Britta Lee Shain was a friend of Bob Dylan until he asked her to join him on the road in the mid-’80s . . . at which point she became more than a friend. In an intimate and elliptical memoir of their time together, at home in Los Angeles and on tour with Tom Petty and the Grateful Dead, she offers a unique portrait of the romantic, earthbound and poetic soul trapped in the role of Being Bob Dylan.
As she coos: “I’ve never seen a Bob Dylan smile, except in photos or on the stage. Not the real thing.”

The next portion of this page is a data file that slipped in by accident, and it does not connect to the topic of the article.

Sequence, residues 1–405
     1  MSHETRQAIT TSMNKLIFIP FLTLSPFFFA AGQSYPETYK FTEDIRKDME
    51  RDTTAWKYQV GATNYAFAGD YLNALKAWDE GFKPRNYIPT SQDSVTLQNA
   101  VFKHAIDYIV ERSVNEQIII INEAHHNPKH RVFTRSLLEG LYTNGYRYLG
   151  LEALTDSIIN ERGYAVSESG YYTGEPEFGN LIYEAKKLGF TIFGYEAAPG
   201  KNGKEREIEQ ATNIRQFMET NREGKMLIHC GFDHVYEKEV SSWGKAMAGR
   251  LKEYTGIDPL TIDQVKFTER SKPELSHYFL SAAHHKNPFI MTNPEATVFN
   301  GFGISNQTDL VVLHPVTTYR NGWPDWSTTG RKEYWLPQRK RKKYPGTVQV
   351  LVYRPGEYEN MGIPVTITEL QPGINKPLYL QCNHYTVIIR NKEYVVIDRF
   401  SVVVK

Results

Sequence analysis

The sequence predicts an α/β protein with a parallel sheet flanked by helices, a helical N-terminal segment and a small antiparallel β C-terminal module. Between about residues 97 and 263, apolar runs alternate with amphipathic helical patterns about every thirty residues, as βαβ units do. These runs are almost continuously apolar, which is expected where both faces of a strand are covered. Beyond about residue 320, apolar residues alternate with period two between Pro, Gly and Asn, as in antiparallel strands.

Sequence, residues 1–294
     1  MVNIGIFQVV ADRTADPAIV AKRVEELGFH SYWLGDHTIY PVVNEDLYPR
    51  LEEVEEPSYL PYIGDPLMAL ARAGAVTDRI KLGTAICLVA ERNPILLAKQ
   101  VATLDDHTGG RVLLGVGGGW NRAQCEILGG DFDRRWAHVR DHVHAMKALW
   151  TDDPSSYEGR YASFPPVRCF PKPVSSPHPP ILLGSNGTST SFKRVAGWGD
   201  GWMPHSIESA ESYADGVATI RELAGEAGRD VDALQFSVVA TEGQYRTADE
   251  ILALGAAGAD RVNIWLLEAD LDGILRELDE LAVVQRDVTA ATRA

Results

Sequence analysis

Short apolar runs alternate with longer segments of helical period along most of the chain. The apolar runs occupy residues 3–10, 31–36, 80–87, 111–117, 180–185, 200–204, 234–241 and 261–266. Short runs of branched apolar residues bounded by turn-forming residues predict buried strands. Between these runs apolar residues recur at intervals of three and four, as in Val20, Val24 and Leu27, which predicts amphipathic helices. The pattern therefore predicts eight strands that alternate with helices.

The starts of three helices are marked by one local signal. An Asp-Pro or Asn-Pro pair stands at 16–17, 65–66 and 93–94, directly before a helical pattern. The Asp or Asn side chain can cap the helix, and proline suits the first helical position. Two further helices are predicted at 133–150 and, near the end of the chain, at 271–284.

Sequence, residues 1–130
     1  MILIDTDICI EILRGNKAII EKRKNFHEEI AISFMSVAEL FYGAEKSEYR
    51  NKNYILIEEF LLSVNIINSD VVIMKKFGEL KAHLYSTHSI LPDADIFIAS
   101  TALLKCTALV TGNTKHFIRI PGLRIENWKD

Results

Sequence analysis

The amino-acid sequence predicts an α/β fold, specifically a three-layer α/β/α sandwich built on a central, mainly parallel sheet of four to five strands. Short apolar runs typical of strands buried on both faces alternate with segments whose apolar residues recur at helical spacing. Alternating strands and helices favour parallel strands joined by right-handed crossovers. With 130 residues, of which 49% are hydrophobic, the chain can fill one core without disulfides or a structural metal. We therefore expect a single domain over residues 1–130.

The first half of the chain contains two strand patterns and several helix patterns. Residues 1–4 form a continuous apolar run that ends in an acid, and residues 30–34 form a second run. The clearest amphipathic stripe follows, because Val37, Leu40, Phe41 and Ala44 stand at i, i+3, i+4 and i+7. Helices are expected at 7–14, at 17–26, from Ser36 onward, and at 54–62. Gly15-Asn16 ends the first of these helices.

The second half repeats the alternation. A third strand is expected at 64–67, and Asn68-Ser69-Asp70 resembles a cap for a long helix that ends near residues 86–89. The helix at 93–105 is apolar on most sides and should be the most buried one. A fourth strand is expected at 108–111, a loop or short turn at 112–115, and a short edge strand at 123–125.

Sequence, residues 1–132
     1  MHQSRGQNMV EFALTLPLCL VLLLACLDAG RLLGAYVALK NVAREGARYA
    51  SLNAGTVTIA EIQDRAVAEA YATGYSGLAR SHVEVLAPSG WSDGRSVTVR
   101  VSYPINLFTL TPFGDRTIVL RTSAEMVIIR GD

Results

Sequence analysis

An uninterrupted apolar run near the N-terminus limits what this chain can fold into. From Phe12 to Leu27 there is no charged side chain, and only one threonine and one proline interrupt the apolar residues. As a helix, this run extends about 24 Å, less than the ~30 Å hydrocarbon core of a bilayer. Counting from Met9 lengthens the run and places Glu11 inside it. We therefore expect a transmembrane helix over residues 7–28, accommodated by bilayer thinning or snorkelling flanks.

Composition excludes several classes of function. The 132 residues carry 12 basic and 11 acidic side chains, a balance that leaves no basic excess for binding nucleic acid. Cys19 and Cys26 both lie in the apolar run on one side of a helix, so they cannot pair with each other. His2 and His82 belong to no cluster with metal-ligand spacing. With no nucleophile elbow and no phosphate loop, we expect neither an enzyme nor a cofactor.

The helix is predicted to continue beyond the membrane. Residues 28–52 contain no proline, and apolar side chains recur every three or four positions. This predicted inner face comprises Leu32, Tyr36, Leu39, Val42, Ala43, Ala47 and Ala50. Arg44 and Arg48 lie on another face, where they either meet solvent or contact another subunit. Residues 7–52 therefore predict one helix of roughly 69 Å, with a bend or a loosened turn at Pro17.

Entire libraries of books have been written about Dylan, but few—if any—offer any lasting insight into the man behind the shades. Until now. Written with the elegance of a poet and storytelling snap of a novelist, Seeing The Real You At Last: Life and Love on the Road With Bob Dylan (Jawbone Press, $19.95), is a poignant and tender romance that reveals Dylan’s playfulness, his dark wit, his fears and struggles, his complex relationships with the men and women in his life and, ultimately, his genius.